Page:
Peter May in the Boston Globe today has written a story about, among other things, Ian O'Connor's book about last year's draft.
"Columnist Ian O'Connor of USA Today and The Journal News of New York has a book out called ''The Jump," which chronicles Sebastian Telfair's high school career in New York and the events that led to him being drafted by the Portland Trail Blazers. In one part of the book, Danny Ainge is chatting up Robert Swift before a high school game last season -- which, under NBA rules, is verboten. (A player who is not draft-eligible has to have his name released by the NBA as an early-entry candidate for NBA people to speak to him or about him; a league official said Ainge would not get into trouble, but should have known better.)
According to the book, Ainge and Swift chatted for about 15 minutes at Pauley Pavilion, which was hosting an All-Star tournament, and Swift later told O'Connor that Ainge had asked him what his intentions were. That's not how Ainge remembered it. ''He sat down next to me to put his sneakers on," Ainge said, ''and I'm not even sure if he knew who I was. We talked for maybe two minutes. I asked him who he thought the good high school players were. I don't believe I ever asked him what his intentions were. At that time, I had no idea he was even coming out."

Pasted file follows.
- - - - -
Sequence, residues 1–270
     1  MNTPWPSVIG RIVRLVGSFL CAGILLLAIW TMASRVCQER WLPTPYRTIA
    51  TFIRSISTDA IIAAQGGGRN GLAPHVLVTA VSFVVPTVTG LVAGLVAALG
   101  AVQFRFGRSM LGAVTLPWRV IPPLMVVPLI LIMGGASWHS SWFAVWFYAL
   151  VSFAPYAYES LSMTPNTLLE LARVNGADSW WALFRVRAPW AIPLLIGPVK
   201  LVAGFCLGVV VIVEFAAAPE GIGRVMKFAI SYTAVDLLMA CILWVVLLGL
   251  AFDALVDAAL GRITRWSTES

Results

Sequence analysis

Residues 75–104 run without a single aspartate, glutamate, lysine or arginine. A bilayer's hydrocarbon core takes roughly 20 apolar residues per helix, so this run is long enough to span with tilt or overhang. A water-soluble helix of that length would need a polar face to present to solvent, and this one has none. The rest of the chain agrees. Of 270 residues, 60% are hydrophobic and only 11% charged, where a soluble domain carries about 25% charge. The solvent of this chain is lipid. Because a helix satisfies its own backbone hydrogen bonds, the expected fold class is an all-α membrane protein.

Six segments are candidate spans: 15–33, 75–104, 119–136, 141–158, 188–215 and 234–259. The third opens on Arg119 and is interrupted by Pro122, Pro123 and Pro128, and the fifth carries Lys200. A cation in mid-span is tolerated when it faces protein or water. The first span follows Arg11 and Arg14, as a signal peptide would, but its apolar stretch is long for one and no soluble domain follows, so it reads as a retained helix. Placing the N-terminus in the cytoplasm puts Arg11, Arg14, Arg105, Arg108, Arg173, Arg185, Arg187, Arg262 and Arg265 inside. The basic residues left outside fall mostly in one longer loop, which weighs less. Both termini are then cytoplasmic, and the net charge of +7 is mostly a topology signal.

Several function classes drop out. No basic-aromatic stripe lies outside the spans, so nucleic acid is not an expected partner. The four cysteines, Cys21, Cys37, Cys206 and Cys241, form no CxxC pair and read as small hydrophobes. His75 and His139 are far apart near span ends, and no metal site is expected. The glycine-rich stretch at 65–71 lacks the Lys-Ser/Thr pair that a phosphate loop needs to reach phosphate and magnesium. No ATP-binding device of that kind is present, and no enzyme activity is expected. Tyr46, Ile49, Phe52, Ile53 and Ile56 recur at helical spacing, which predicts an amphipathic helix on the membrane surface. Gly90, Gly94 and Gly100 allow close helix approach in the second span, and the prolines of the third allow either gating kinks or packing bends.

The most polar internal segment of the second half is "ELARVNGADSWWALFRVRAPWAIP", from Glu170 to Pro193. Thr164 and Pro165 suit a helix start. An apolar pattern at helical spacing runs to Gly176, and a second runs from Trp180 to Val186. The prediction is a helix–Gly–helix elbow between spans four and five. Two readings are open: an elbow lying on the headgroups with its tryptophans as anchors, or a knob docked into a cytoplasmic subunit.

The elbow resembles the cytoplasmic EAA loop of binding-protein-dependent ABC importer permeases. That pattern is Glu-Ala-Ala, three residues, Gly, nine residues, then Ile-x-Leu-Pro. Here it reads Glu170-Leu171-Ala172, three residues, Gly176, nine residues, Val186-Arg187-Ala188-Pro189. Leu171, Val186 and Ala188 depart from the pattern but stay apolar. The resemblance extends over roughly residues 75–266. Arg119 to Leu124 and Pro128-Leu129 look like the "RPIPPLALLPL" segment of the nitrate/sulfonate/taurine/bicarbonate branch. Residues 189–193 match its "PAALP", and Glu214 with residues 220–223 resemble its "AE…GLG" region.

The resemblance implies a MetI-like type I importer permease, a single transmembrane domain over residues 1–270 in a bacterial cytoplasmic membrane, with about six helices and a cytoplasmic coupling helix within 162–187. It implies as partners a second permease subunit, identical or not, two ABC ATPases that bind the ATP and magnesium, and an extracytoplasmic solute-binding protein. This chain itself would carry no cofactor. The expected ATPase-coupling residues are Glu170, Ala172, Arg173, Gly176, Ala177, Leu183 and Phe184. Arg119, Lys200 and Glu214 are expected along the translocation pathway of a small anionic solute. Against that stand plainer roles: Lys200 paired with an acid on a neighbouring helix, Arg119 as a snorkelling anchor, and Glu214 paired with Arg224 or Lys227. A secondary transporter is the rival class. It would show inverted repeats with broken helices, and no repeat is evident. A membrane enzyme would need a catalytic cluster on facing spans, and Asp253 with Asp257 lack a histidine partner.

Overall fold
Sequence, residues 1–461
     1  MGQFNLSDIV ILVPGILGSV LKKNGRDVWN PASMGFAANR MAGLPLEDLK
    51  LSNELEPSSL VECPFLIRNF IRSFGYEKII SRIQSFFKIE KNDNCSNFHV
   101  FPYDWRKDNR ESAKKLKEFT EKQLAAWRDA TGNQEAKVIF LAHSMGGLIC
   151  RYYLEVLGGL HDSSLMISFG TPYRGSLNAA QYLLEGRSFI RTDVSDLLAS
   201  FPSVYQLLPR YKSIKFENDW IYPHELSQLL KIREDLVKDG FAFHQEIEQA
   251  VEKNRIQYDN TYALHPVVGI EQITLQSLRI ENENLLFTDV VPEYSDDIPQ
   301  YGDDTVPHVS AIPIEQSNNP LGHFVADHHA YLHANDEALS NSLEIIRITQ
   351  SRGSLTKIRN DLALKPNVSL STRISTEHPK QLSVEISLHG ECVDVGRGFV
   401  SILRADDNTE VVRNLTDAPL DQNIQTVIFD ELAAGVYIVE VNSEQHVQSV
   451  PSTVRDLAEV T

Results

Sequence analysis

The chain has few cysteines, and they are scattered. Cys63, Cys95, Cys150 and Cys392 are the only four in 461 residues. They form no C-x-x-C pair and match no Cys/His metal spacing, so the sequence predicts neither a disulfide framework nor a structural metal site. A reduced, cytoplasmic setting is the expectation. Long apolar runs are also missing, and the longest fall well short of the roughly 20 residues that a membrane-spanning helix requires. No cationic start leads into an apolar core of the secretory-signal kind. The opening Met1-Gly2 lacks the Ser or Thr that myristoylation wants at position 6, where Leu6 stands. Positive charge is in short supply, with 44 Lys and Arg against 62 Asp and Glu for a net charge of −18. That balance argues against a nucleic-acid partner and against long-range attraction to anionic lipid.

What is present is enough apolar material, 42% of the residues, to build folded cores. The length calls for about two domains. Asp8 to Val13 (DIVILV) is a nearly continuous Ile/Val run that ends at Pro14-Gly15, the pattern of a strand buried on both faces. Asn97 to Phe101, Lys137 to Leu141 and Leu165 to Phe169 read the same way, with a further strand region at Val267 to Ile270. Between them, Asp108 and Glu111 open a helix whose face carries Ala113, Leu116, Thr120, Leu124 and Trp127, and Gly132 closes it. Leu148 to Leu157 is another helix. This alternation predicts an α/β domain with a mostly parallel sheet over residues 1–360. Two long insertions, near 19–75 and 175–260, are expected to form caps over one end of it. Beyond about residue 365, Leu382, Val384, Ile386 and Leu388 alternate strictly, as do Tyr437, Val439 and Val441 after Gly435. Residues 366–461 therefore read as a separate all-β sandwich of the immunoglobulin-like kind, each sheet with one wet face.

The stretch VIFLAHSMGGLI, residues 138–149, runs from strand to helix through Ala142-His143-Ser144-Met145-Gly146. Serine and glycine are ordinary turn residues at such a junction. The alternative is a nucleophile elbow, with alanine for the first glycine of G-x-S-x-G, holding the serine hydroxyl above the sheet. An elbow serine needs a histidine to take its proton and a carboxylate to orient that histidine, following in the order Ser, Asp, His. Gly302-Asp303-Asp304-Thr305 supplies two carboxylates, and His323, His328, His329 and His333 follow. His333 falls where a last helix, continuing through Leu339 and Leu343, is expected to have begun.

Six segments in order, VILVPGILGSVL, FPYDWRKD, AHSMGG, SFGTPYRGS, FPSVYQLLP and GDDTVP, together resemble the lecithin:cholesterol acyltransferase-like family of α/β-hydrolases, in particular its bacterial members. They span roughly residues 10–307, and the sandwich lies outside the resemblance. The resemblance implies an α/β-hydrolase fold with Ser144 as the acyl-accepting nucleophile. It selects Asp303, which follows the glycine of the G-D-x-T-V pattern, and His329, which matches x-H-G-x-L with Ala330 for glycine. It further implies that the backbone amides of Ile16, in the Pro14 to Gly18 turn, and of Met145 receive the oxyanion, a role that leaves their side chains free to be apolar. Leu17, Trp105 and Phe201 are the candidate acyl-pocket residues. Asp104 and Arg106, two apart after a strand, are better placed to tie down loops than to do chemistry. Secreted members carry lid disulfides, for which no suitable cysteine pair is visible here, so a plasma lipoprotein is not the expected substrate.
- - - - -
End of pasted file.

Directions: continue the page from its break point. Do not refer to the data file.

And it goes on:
In a humorous exchange in the book, which Ainge does remember, Ainge says of Swift, ''He needs to go to college. Somebody better tell that kid to get real."
Ainge, of course, was smitten with Swift and guaranteed the 7-footer from Bakersfield that the Celtics would use one of their three first-round picks on him. But before the Celtics got to their first No. 1, the Sonics had already taken Swift.
Don't be surprised if Ainge takes another run at Swift, who played only 72 minutes as a rookie -- the fewest of any lottery pick other than the injured Luke Jackson of Cleveland -- and was not on the Sonics' playoff roster."
The majority of the story is interesting, the book might be a good read, but Boston isn't about to get Robert Swift. They got nothin' to offer.